Signs installed to show the Far South Coast's acceptance of refugees could be removed under a proposal to be put to Bega Valley Shire Council.
At council's next meeting, Deputy Mayor Mitchell Nadin will introduce a notice of motion to remove the shire's welcome to refugees and asylum seekers signs.
Since they were installed last June, one in Bega was so badly damaged it needed to be replaced while a sign in Eden has been stolen.
Cr Nadin was concerned these acts of vandalism could occur again.
"This is not a one-off now, this has become a pattern," he said.
READ MORE: Vandals damage refugee welcome sign in Bega
"They've become a sign saying 'stay away. Refugees, asylum seekers, we don't want them here'."
The first reason he was putting forward the notice was due to the risk the media's reporting the incidents of vandalism would have on the Bega Valley's reputation.
"It's not just about newspapers anymore, it's about social media - everyone shares these stories dozens and dozens of times and people are reading about it in places like Sydney and Melbourne," Cr Nadin said.
"This is doing damage to our reputation as an inclusive shire.
"We can't have these negative stories being constantly peddled by the media."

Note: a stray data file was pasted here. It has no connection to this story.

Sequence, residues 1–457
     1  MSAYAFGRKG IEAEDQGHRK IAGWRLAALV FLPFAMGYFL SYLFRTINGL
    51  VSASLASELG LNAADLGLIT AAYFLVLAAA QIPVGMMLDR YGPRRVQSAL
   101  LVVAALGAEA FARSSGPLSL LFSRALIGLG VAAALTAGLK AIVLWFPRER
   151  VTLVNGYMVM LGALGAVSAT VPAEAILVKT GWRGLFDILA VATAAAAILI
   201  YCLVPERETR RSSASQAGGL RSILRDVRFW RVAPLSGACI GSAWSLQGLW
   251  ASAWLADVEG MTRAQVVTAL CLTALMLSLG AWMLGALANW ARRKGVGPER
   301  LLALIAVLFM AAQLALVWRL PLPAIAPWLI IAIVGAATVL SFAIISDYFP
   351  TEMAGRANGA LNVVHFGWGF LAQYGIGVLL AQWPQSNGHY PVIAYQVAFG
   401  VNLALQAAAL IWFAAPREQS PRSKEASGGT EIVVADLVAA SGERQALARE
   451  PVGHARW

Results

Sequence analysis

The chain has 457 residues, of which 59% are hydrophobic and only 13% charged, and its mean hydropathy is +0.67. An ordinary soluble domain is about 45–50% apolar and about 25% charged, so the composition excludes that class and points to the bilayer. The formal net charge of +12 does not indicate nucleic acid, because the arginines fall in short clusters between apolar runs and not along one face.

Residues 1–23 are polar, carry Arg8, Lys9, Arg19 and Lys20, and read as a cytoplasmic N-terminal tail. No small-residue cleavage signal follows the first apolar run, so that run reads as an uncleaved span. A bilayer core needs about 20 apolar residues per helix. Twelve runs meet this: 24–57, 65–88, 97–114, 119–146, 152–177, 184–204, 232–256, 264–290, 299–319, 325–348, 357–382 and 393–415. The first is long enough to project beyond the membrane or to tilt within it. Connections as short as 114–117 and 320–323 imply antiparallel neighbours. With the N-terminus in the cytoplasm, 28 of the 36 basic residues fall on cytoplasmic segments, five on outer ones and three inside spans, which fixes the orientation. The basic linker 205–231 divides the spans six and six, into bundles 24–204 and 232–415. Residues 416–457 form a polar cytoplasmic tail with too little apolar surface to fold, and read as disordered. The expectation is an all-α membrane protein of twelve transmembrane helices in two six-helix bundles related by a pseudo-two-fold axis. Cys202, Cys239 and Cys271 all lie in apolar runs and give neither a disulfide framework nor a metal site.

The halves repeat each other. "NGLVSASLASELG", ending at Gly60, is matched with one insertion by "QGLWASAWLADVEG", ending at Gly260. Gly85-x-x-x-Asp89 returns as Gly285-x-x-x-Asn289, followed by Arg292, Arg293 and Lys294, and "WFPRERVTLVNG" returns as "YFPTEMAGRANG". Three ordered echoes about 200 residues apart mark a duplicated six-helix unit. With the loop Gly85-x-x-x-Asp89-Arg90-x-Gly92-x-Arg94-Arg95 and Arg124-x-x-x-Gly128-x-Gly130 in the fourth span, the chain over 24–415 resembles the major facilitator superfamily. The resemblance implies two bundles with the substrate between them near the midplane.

READ MORE: Eden Welcome Refugee sign stolen
The second reason was because of the division he said had been caused between the Bega Valley's residents over the issue of refugees, and fragmenting the community over the issue was not worth it.
"Look at the signs, they're completely ineffective," he said.
"We're spending money, we're ruining our reputation and we're causing social division over nothing."
In 2002, Bega Valley became the first council in Australia to become a Rural Australians for Refugees-initiated Welcome Town.
Cr Nadin said he was aware of the damage the symbolism of removing the signs could do to the shire's reputation as a welcoming place for refugees.
But he said local government councillors should not "be in the space with refugees and asylum seekers" anyway.
"It's not up to me to change people's minds and hearts," he said.
"They will think what they think and we need to respect their voices on this."
What council could do instead, he said, was reaffirm the fact the shire was a welcome refugee zone and support the work of the Social Justice Advocates of the Sapphire Coast in their multicultural ventures.
Council's next meeting will be on March 13 from 2pm at the Bega Valley Commemorative Civic Centre.